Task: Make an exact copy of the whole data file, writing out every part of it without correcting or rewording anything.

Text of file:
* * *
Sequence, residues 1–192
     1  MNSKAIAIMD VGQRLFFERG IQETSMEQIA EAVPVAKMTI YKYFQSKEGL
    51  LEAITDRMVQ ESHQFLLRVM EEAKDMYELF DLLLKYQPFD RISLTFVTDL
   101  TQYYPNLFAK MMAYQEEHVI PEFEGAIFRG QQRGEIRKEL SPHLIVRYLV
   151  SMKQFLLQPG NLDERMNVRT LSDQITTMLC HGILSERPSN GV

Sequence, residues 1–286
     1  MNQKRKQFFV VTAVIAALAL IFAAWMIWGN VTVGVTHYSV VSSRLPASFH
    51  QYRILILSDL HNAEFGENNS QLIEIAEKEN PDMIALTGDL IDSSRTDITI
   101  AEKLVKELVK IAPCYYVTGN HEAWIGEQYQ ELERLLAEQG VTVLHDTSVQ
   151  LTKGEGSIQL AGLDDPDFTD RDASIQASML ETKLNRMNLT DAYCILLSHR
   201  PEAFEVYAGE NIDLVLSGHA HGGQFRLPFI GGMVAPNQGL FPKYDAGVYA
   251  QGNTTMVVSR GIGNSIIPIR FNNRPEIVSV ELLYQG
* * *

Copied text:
Sequence, residues 1–192
     1  MNSKAIAIMD VGQRLFFERG IQETSMEQIA EAVPVAKMTI YKYFQSKEGL
    51  LEAITDRMVQ ESHQFLLRVM EEAKDMYELF DLLLKYQPFD RISLTFVTDL
   101  TQYYPNLFAK MMAYQEEHVI PEFEGAIFRG QQRGEIRKEL SPHLIVRYLV
   151  SMKQFLLQPG NLDERMNVRT LSDQITTMLC HGILSERPSN GV

Sequence, residues 1–286
     1  MNQKRKQFFV VTAVIAALAL IFAAWMIWGN VTVGVTHYSV VSSRLPASFH
    51  QYRILILSDL HNAEFGENNS QLIEIAEKEN PDMIALTGDL IDSSRTDITI
   101  AEKLVKELVK IAPCYYVTGN HEAWIGEQYQ ELERLLAEQG VTVLHDTSVQ
   151  LTKGEGSIQL AGLDDPDFTD RDASIQASML ETKLNRMNLT DAYCILLSHR
   201  PEAFEVYAGE NIDLVLSGHA HGGQFRLPFI GGMVAPNQGL FPKYDAGVYA
   251  QGNTTMVVSR GIGNSIIPIR FNNRPEIVSV ELLYQG